Approximately 200 meeting sustainability gurus gathered in Montréal this week for the 2012 Sustainable Meetings Conference, organized by the Green Meeting Industry Council. The association used the conference to roll out its plans to organize and fund new educational programming for meeting professionals on how to define, measure, and report the performance of a sustainable event.
Earlier this year, the Convention Industry Council and ASTM International released the APEX/ASTM Environmentally Sustainable Meetings Standards, an initiative that involved hundreds of meeting industry volunteers over a period of four years. Eight of the nine standards were published in February and are available for purchase, and the final standard is expected to be published in May. These take a “prescriptive” approach to planning more sustainable meetings, focused on measuring elements such as use of water and energy at an event.
Amy Spatrisano, principal of MeetGreen, a meeting industry sustainability consultancy; co-founder of GMIC; and chairwoman of the panel that developed the standards, says that users of the standards can help tweak the next version by commenting on them through a “feedback loop” on the CIC Web site.
All of the standards are available as a specially priced, electronic-only ASTM compilation that includes eight of the published standards and which will be updated to include the ninth standard when it is published, at no additional cost. The ASTM compilation is available for $149 through the ASTM book store.
GMIC already offers workshops on how to use the standards and is setting up an education framework that will also offer training on ISO 20121, an international standard that the International Olympics Committee has embraced. ISO 20121 establishes a process for planning sustainable events; it is expected to be finalized and released to the meetings industry more broadly in June.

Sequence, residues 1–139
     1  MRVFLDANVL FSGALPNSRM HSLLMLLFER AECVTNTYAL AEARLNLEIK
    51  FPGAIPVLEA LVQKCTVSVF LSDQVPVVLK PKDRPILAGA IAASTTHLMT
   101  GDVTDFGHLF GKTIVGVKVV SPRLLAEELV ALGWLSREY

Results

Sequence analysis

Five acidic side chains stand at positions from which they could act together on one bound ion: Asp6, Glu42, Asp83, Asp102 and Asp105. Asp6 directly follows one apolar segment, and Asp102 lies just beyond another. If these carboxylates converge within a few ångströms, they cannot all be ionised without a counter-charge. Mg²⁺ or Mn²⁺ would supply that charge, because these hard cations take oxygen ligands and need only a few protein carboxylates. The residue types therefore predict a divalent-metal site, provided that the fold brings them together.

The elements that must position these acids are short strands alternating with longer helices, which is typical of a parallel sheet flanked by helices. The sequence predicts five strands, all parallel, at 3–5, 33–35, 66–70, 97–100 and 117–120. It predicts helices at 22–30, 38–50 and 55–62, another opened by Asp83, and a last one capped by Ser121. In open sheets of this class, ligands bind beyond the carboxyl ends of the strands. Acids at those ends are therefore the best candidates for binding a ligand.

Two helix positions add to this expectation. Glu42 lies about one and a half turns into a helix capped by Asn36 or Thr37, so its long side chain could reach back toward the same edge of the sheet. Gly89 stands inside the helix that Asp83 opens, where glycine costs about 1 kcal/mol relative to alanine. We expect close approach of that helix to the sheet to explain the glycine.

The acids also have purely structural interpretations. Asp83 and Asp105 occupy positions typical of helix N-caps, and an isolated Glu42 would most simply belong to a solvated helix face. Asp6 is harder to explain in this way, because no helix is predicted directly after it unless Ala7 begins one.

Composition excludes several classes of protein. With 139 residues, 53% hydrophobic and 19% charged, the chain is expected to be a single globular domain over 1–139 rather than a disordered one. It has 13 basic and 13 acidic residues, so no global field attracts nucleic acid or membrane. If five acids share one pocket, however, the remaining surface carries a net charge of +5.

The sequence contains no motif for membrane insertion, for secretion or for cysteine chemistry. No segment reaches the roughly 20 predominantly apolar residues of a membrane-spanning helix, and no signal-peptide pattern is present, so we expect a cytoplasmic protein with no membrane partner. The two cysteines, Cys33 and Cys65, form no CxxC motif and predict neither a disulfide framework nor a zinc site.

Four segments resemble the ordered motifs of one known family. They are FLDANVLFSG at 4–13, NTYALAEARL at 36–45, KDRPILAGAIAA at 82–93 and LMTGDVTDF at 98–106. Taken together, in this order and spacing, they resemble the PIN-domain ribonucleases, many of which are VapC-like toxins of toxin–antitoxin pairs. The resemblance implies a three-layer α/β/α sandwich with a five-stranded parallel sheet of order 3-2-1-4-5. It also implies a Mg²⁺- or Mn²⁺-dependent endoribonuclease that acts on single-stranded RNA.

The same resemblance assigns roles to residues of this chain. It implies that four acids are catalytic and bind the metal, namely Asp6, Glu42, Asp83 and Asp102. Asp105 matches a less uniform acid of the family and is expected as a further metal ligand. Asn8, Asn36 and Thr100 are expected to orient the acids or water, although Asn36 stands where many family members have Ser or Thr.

Andrew Walker, managing director of E3 Strategy and a GMIC director, recommended that attendees use both the APEX/ASTM and ISO standards in tandem.
A third reporting mechanism, the Event Organizers Sector Supplement, developed by the Global Reporting Initiative, another international measurement tool, was also released this year.
GMIC Executive Director Tamara Kennedy-Hill, CMP, said GMIC has put an education road map into place that covers the menu of emerging standards. “The industry needs a single, one-stop resource to help planners and decision-makers understand the standards, decide which ones to use for different purposes, and get on with the job. GMIC is the only meetings association devoted full-time to sustainability, so it’s our job to put that training in place.”
To help fund the education, GMIC Foundation Chair Mitchell Beer, CMM, president of The Conference Publishers Inc., Ottawa, announced a new fundraising campaign, which will underwrite many of GMIC’s new training programs. The foundation hopes to raise roughly a half million dollars a year to sustain the programming.
Also announced at the conference was an update to the Sustainable Event Management Tool, created in partnership with the Evolution Platform, which enables planners and suppliers to measure and report the environmental impact of their events through automated measurement tools. It is free to members of Meeting Professionals International and GMIC, according to Roger Simons, manager, and sustainable events, in MPI’s Luxembourg office, and will be free to suppliers for the next six months or so.